Monday, April 30, 2007

Giuliani's dance with conservatives

Twice divorced, pro-choice, pro-gun control, and pro-gay rights…Does this sound like a successful Republican running for office? Former mayor of New York Rudolph Giuliani has a history of being all three. Yet he’s the frontrunner in a Republican primary campaign that has started little more than two years into President Bush’s second term.

“[Giuliani] produced the eight most consecutive years of successful conservative governance in the 20th century in America,” said conservative columnist George Will as he introduced “America’s mayor” to the Conservative Political Action Conference in March. Ravenous applause accompanied Will’s assertion that under Giuliani, New York's welfare rolls dropped by 600,000.

But other parts of Giuliani’s past may be catching up to him. His conservative opponent in the 1993 New York mayoral race, George Marlin, called him a “lifelong liberal” in The Politico. He notes that Giuliani ran for mayor as a “liberal Republican” and criticized 1994 gubernatorial candidate George Pataki for wanting to enact an "irresponsible" 25 percent state income tax cut.

The difference between conservative camps on Giuliani appears minimal in national opinion polls among Republican voters, with Giuliani leading by at least 10 percent among all the candidates. But with a mixed record on conservative the issues, why is he so far ahead? Does he stand a chance to win the nomination?

“My guess about Giuliani is that most people don't have a clear sense of what he stands for ... just that he's one of the "heroes" of 9/11,” John Sharpless, a UW-Madison historian and former congressional candidate, said in an email.

Giuliani has a lot of “vague positives” without much substance, Sharpless said. Voters think that he is a “nice guy.”

A Newsweek poll puts Giuliani with a 25 percent lead in a one-on-one match up with rival Sen. John McCain, R-Arizona, and a 50 percent lead over former Mass. Gov. Mitt Romney. Other statistics back up Sharpless’s assertion that many Republican voters have false perceptions on where Giuliani stands.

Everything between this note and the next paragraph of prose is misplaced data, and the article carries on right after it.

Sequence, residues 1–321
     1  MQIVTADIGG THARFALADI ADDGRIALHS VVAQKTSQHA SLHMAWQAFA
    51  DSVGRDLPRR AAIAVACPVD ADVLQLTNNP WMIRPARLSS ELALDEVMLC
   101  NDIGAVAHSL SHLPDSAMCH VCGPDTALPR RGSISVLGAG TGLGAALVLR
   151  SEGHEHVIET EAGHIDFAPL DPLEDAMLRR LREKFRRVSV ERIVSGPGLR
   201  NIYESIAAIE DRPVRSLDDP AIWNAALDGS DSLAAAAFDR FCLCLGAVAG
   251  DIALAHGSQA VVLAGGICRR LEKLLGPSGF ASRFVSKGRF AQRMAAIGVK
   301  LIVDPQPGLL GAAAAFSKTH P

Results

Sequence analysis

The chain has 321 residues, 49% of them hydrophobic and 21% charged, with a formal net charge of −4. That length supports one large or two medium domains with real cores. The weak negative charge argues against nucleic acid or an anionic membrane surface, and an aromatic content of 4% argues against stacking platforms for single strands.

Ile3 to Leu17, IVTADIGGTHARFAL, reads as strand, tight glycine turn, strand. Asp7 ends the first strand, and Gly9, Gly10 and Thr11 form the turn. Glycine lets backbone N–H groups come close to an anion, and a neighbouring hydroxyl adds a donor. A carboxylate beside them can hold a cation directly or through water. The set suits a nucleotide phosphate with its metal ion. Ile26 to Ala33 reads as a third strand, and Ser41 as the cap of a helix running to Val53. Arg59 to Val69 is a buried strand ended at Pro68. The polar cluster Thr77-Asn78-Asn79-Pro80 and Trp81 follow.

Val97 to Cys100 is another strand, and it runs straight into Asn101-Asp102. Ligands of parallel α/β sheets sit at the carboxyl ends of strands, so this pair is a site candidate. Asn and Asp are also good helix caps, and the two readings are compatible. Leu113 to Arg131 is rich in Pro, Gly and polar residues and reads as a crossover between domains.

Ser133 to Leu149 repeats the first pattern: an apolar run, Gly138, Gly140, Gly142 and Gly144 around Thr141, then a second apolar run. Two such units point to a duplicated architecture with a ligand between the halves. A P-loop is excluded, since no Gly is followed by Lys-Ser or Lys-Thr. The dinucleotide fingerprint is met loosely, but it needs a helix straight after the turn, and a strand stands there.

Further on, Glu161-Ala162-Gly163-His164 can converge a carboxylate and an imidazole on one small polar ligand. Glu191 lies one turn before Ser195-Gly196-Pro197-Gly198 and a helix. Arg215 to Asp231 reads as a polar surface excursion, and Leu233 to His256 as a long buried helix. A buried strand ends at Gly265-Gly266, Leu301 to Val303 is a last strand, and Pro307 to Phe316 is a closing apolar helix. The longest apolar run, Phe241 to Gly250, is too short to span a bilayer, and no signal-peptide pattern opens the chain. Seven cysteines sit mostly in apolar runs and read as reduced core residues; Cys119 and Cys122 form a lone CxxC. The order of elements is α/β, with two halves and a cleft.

The same poll, conducted at the end of February, notes that 85 percent didn’t know that Giuliani has opposed an amendment banning gay marriage. Of 1,202 Republican voters, 62 percent didn’t know that he is pro-choice and 81 percent didn’t know that has favored gun control laws.

Giuliani has had success in lowering crime and creating better economic environment in New York, which slightly contributes to his image as an effective leader, said Charles Franklin, a UW-Madison political scientist and statistician.

The New York Times reported that the number of murders dropped from 1,946 in 1993 to 714 in 2001, a 63 percent drop during Giuliani’s two terms. Giuliani also cut taxes by $2.5 billion and turned a $2.3 billion budget deficit into a budget surplus.

But Franklin said that most voters do not consider this.

“It’s hard to underestimate the lack of knowledge that people have about politicians.” he said. “What do ordinary citizens in Kansas know about crime in New York?”

Franklin agrees with Sharpless that Giuliani’s largest advantage is his image as a “Churchillian figure” post Sept. 11. A well-known personality goes a long way, and this is even more important given the lack of a “strong conservative” candidates.